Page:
After a stint in a mental institution, former teacher Pat Solitano moves back in with his parents and tries to reconcile with his ex-wife. Things get more challenging when Pat meets Tiffany, a mysterious girl with problems of her own.
David O. Russell
Robert De Niro
A young man who survives a disaster at sea is hurtled into an epic journey of adventure and discovery. While cast away, he forms an unexpected connection with another survivor: a fearsome Bengal tiger.
Dallas 1985. Electrician and sometimes rodeo bull rider Ron Woodroof lives hard, which includes heavy smoking, drinking, drug use (primarily cocaine) and casual sex. He is racist and homophobic. While in the hospital on a work related injury, the doctors discover and inform him that he is HIV+, and that he will most-likely die within thirty days. Ron is initially in angry denial that he would have a disease that only "faggots" have, but upon quick reflection comes to the realization that the diagnosis is probably true. He begins to read whatever research is available about the disease, which at this time seems to be most effectively treated by the drug AZT. AZT, however, is only in the clinical trials stage within the US. Incredulous that he, as a dying man, cannot pay for any drug which may save or at least prolong his life, he goes searching for it by whatever means possible. It eventually leads him to Mexico and a "Dr." Vass, an American physician whose license was revoked in the ... Written by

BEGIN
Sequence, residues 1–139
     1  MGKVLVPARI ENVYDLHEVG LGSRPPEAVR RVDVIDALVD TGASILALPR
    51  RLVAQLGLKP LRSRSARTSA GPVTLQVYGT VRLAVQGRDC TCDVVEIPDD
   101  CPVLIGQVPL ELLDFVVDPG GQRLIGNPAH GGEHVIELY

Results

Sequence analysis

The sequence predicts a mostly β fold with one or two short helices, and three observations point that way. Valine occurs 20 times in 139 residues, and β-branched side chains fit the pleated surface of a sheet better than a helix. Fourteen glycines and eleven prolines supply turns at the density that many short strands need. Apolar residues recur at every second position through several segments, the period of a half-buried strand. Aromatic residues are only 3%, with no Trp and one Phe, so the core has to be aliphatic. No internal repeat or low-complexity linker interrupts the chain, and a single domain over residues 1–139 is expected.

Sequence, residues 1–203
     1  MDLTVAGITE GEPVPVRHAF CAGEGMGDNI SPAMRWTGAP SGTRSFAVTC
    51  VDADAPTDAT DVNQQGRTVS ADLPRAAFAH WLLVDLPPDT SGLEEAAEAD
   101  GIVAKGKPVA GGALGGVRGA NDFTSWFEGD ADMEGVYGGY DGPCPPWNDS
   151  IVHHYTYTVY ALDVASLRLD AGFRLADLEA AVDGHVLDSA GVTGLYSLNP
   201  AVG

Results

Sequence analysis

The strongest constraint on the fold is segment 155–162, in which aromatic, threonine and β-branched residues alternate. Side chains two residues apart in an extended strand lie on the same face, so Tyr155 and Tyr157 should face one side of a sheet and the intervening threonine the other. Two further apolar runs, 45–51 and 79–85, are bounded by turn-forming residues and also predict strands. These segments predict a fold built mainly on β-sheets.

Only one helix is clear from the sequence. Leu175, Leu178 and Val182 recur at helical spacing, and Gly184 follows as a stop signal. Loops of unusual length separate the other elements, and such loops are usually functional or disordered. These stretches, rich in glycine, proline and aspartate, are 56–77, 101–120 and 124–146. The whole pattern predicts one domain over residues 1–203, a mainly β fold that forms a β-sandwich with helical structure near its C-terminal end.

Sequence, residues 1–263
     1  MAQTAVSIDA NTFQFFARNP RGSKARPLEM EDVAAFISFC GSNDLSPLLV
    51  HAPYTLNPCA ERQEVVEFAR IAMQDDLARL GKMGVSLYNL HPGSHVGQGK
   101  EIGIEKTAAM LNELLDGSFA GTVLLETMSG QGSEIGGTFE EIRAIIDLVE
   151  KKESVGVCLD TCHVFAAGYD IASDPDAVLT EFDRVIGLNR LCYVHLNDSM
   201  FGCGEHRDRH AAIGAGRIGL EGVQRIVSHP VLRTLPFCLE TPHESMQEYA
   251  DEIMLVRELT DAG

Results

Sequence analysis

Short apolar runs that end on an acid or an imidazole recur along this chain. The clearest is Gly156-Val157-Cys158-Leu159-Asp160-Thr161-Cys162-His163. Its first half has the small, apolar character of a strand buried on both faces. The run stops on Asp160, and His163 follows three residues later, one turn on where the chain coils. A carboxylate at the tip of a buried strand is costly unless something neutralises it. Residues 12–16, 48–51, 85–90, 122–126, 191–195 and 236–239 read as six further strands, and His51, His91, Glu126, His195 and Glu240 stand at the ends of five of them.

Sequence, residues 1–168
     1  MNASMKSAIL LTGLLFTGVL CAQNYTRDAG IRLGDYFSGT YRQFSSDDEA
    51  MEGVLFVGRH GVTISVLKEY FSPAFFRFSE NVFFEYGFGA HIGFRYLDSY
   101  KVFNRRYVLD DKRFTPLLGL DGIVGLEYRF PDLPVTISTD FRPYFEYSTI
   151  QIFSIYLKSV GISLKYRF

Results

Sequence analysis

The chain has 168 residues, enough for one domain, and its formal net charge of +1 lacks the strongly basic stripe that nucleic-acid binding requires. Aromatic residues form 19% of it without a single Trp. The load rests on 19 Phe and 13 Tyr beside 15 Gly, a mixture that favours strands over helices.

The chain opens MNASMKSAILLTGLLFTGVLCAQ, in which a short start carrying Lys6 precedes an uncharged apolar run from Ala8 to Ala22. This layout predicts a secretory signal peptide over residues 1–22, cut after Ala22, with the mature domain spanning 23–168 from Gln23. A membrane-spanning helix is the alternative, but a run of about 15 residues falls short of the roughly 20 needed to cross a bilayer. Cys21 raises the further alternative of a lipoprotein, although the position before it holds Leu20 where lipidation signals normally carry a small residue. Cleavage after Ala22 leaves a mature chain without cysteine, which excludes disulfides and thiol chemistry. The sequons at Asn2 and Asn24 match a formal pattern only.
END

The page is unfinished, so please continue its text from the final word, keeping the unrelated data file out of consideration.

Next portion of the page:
Much has already been written about Matthew McConaughey and Jared Leto's astonishing transformations, and brilliant performances. Solid and true, yes. They both deserve enormous accolades, Golden Globe and AMPAS-worthy, for these transformations and the effort of their craft. But I think the true heroes of this project are the Producers who took a chance on such dicey subject matter. Some reviews hail the project as "A Crowd Pleaser," and yet, you realise, these are TRULY marginal characters, and not entirely likable, as some have already said, in an Era (1970s-1980s early AIDS crisis) that is nearly forgotten in this age of HIV exposure-as-a-managed-care-condition, rather than a death sentence, as it was between 1979-1995. As much as this could be a feel-good film for the discovery and pioneer of protease inhibitor cocktails, it is a compelling character study of a time of crisis that has not been well-captured or documented adequately in quite some time. BRAVO to the Producers of this movie for giving this project the Greenlight, because the sexually-active youth of today would never know the Plague and tragedy that preceded their coming-of-age without a reminder like this.
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